Re-learning

Heading into my third day of hospice training today.  So far, so good.  I am impressed with the organization – everyone who has come in to talk to us about what they do has shown committment and passion for the work, which is heartening.  This is a place where everyone is doing what they believe in, and enjoying it – strange to say about a job that is all about death, but there it is.  They know that what they are doing makes a difference, and that is why they love it.

Our ‘class’ – meaning this particular group of volunteers who is training right now – is a very interesting mix.  A few are there because they have a vague wish to do something good; make a difference in one person’s life. One is a psychology student who is uncomfortable with death and wants to meet it head-on (bravo!). One (our token male) is a ‘recovering’ paramedic who has seen death and wants to do more long-term patient care.  One is a cancer survivor, whose sister died of cancer and had hospice care, and is now taking college classes and seems to be basically having a ‘do-over’ of her life.  And me, the retired midwife. Huzzah!

The class dynamic has been good so far, and it seems most of us have the macabre sense of humor that is necessary for the job.  I haven’t been in a classroom setting for years, so it is interesting for me to just watch how it all plays out: there are a few who are silent, and never really contribute anything unless called upon to speak. There are those who speak easily when appropriate (I hope I am one of them). And then there is one who is filling the role of that one – you know the one – the one who ALWAYS has a personal story to tell for EVERY point the instructor makes.  The one who cannot just say “I totally agree”, but has to share for many moments before concluding “So, I agree.”  The one who put us way behind on the first day, because the instructor (who is fabulous) values sharing and processing and honestly doesn’t seem to mind when the talk goes off the rails.  He wants it to be a dialogue – wants us to talk openly about our feelings on death and dying.  And besides, with the topic being so heavy, you don’t want to say to someone “yeah, yeah, we get it: you understand it better than most because of xyz, now can we please move on?”.  So, they talked, and talked… That person wasn’t there for the second training, and it was honestly a smoother day. We covered all we needed to cover, everyone got a chance to share a bit, and it was good. We shall see what today brings.

I realized, in watching this unfold, that I used to be that person.  I always had to share – always had to show how wise and knowledgable I was.  Had to make sure everyone realized that I was ON IT.  Oh, how I loathe that person that I was.  I swear, I look back on my life and I have far more memories that make me cringe that I do memories that make me smile, and that’s sad.  It’s not that I live a life of regret – far from it.  I just wish that I had learned how to shut up a lot sooner.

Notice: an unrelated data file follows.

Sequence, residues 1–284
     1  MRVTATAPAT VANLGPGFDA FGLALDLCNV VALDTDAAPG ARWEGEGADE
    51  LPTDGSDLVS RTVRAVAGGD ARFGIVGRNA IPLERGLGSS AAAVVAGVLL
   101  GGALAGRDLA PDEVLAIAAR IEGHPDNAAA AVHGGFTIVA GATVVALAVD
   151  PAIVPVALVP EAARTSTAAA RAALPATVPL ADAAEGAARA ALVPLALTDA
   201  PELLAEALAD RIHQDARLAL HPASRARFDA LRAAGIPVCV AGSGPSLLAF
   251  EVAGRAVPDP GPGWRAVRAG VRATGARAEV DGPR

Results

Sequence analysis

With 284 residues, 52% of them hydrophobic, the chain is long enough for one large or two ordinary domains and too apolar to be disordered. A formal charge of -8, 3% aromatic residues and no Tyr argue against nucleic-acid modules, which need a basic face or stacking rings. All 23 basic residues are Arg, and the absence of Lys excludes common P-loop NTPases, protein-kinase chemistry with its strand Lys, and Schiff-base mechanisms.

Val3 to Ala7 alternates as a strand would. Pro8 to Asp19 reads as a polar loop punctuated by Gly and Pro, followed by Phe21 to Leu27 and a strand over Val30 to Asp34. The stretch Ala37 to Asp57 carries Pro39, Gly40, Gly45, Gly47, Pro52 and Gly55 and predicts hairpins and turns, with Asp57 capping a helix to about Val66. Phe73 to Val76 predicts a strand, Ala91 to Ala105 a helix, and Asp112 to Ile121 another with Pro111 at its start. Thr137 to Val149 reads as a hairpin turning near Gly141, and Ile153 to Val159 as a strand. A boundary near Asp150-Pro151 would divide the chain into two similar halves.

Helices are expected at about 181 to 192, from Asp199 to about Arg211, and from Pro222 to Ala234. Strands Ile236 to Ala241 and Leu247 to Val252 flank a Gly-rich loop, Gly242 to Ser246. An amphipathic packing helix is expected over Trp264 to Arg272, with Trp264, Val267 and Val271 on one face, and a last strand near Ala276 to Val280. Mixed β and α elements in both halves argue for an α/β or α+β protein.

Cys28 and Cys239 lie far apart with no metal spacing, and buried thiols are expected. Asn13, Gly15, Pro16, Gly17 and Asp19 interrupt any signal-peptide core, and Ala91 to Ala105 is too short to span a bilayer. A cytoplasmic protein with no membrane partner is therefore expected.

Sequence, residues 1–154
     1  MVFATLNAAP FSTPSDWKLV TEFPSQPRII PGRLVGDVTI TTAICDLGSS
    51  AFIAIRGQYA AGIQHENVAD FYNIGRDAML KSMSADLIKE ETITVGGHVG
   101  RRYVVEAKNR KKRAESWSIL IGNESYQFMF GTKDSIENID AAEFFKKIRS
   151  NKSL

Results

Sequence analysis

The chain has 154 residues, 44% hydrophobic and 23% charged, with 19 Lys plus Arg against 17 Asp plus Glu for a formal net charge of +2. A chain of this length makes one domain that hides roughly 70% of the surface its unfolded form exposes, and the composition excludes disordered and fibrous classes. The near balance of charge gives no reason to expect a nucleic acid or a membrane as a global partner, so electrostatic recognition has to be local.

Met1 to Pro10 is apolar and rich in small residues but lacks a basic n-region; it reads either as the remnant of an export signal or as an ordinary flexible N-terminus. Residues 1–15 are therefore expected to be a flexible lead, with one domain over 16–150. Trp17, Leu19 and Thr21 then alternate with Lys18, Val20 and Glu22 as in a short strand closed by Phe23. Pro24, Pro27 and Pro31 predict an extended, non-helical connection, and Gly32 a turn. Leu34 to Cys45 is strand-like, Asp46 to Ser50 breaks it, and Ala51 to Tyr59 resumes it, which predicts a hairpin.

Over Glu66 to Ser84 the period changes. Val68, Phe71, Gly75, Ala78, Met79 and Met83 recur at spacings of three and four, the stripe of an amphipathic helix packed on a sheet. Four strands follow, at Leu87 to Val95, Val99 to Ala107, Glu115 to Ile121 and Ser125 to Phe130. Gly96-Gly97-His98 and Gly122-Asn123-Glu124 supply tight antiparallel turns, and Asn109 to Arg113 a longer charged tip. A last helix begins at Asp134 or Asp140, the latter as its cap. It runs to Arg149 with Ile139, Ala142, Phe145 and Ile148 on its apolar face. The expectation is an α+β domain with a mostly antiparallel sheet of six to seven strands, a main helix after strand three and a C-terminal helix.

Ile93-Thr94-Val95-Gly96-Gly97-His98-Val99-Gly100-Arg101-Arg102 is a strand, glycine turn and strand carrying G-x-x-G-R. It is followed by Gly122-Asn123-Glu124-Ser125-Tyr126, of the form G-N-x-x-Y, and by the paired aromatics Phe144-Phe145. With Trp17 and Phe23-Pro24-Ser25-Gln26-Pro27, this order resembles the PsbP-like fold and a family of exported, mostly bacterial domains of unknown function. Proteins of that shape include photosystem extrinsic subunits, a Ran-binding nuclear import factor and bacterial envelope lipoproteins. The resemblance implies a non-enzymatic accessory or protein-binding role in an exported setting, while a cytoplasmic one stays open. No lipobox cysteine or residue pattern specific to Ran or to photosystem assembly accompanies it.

I have learned so much from just two training sessions.  The history of hospice care – which makes so much sense – and how it started with one women, taking a look at how people died.  Remarkable.  Finding out that Medicare actually covers the cost of hospice care – and that one year of palliative and hospice end-of-life care costs the same as one E.R. visit! And yet, looking at these upcoming elections, who knows what will happen to Medicare.  The right to die with dignity in your own home will become yet another privilege for the chosen (wealthy) few.  But, let’s not delve into politics, shall we?

On the second training day we talked about the grief process – the ebb and flow of it; the things people who are grieving may experience.  It was clear to all of us. It made sense, we’ve been through it, we understood it.  Still, I was taken aback to hear that for the majority of people, it doesn’t make sense.  They will not recognize the stages, they will not suspect grief when they are irritable, forgetful, distracted, ill, or exhausted.  Interesting stuff. I have understood grief since I placed Tyler for adoption.  Will I be able to help others recognize it? I think so.

Most of all I feel appreciated. I have never volunteered for anything where it was made clear from the get-go how valuable and appreciated I am.  This place genuinely makes me feel that I am not just a volunteer – I am a member of a team.  It’s a nice feeling.

And off I go to day three. 🙂

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About 24hourmama

Aspiring novelist, sock knitter, mom and wife.
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